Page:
WISCONSIN STUDY LOOKS AT WAYS TO REDUCE ‘LEGACY’ PHOSPHORUS – A long history of heavy fertilization by growers has created an overabundance of phosphorus in Wisconsin soil, according to a new University of Wisconsin-Madison study, and farmers cutting back on manure and fertilizer application would help improve water quality. The research by the UW-Madison Institute for Environmental Studies used computer models to simulate the movement of water and phosphorus in the Yahara Watershed. The study’s lead author, Melissa Motew, said scientists have long known a build-up of phosphorus spread on the soil decades ago continues to harm water quality. The new findings, she said, show how much harm is caused by the so-called “legacy” phosphorus and what a reduction of the chemical would mean. “We found that currently we have about four times as much phosphorus in soils than is actually needed to support crop growth,” she said. “Right now there’s an abundance of phosphorus that you could remove right away and not have any effect on agricultural productivity.”

LAWMAKERS GRILL WISCONSIN DNR CHIEF OVER CRITICAL AUDIT – Environmentalists and Democratic lawmakers expressed worries over the Department of Natural Resources’ handling of water regulation on Tuesday, although Secretary Cathy Stepp defended the agency and said officials were addressing longstanding problems. Stepp and other officials appeared at a legislative hearing to respond to a critical state audit that found a drop in enforcement activity and other problems in the wastewater program for factories, municipalities and large farms. The audit found that enforcement actions of municipal and industrial wastewater permits declined from 2005 through 2014. The auditors, using the DNR’s own standards, also found the agency failed to issue violation notices nearly 6% of the time in 558 cases they examined. In addition, it turned up backlogs: The DNR did inspections of 17 large farms — 6.5% of the total — after permits had already been re-issued.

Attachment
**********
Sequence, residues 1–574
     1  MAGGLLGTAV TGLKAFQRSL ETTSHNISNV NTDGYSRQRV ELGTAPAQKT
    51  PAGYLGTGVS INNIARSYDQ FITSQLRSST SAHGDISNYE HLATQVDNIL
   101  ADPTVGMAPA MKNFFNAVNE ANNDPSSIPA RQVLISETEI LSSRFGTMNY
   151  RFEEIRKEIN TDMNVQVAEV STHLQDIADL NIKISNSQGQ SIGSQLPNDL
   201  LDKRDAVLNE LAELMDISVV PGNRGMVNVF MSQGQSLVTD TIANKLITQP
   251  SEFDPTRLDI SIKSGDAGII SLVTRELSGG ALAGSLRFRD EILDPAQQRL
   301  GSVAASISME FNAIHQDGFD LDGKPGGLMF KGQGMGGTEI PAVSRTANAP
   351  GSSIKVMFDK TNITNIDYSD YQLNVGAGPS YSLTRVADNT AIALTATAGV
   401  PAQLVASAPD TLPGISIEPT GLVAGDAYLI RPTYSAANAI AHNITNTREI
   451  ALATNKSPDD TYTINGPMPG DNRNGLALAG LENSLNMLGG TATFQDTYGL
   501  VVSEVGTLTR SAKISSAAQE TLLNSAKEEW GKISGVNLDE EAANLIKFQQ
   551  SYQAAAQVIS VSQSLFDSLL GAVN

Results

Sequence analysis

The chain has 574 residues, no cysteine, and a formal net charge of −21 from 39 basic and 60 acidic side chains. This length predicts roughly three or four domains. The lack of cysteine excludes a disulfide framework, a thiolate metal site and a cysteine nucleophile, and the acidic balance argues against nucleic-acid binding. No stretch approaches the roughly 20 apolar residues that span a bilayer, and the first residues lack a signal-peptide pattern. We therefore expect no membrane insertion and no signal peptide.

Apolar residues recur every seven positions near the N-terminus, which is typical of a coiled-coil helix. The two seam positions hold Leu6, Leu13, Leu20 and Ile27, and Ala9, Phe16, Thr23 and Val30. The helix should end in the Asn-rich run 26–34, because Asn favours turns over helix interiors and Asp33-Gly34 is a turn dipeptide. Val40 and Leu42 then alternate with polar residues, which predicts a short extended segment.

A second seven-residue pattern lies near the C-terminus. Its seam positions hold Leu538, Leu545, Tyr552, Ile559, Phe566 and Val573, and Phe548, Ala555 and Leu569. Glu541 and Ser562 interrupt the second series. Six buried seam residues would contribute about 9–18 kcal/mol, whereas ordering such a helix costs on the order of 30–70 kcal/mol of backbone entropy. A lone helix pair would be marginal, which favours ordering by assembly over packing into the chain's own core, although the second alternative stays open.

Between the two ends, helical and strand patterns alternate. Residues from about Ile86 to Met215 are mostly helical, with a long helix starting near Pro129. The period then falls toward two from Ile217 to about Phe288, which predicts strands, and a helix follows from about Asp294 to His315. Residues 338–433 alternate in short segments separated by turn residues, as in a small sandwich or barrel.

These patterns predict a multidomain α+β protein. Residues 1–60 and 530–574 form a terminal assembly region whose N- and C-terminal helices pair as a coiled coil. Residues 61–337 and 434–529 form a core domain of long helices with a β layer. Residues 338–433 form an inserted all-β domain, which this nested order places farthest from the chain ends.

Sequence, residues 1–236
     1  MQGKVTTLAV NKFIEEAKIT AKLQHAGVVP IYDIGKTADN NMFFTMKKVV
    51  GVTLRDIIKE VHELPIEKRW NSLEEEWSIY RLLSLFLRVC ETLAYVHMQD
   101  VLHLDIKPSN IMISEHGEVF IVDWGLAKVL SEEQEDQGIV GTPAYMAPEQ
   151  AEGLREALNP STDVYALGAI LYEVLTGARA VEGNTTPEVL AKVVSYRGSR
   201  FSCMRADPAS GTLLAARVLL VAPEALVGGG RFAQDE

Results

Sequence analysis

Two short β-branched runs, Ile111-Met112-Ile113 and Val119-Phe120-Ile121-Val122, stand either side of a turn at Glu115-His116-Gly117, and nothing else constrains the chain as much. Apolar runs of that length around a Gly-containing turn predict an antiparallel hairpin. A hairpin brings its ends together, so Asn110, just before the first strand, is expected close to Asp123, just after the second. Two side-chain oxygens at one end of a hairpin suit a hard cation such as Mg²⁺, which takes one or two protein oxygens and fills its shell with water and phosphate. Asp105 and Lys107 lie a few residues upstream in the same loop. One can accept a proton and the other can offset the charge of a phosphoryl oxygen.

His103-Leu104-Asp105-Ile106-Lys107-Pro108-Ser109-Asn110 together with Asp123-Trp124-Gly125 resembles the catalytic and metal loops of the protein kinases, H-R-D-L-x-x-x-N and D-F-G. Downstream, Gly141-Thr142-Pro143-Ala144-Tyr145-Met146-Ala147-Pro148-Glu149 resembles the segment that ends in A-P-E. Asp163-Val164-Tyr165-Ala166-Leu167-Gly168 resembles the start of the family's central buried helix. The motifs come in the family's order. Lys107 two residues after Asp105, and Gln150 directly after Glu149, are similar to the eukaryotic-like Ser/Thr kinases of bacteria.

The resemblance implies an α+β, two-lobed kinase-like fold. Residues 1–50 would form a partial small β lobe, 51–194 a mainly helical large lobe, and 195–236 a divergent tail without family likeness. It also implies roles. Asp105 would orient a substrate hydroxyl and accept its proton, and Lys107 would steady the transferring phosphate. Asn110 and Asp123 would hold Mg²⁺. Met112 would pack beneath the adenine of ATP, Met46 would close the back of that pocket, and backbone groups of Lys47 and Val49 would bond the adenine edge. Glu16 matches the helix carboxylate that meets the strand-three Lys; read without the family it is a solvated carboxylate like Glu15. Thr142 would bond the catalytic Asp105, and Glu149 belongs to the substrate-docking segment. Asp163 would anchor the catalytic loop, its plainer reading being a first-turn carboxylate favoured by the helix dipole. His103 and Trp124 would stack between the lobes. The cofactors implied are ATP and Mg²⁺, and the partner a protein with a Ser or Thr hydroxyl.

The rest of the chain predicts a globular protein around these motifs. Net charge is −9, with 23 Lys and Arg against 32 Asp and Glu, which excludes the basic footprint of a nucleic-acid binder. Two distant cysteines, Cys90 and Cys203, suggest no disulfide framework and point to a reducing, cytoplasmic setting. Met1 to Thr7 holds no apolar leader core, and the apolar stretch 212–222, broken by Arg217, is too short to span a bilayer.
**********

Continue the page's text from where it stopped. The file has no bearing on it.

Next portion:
WHY YOU SHOULD DRINK WATER FIRST THING EVERY DAY– The benefits of water are well known, but experts say reaching for H2O before your morning cup of coffee could jumpstart your system just when you need it most. After going several hours without a sip, a serving of water first thing can hydrate the body while aiding digestion and metabolism. Here’s what experts advise. Water does wonders for our wellness. Angela Lemond, national spokesperson for the Academy of Nutrition and Dietetics, calls it the gold standard fluid for the body. “An adult body is around 55-60% water,” she said, so “drinking water every day is vital for the body to work correctly.” Lemond has heard theories that drinking two glasses in the morning on an empty stomach can aid digestion and other functions. “Drinking a couple glasses of water to allow the body to rehydrate allows for better digestion when you do eat.”

WRWA ANNUAL TECHNICAL CONFERENCE – Less than a week until the WRWA 29th Annual Technical Conference is held March 28-31 in LaCrosse. With 1,500 anticipated attendees and 230 exhibit booths this should be the largest WRWA conference ever. Don’t miss the opening session and awards presentation, Sportsman’s Raffle prize drawings, banquet; poster, video and water taste contests and over 40-hours of training sessions throughout the week. This conference has something for everyone in the water & wastewater industries. For more information, go to

QUOTE – “Management is doing things right; leadership is doing the right things.”- Peter Drucker

“This week’s issue of the Rural Water E-News is sponsored by the following WRWA Corporate Gold Members and Businesses:”

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David Lawrence
WRWA Executive Director
(715) 344-7778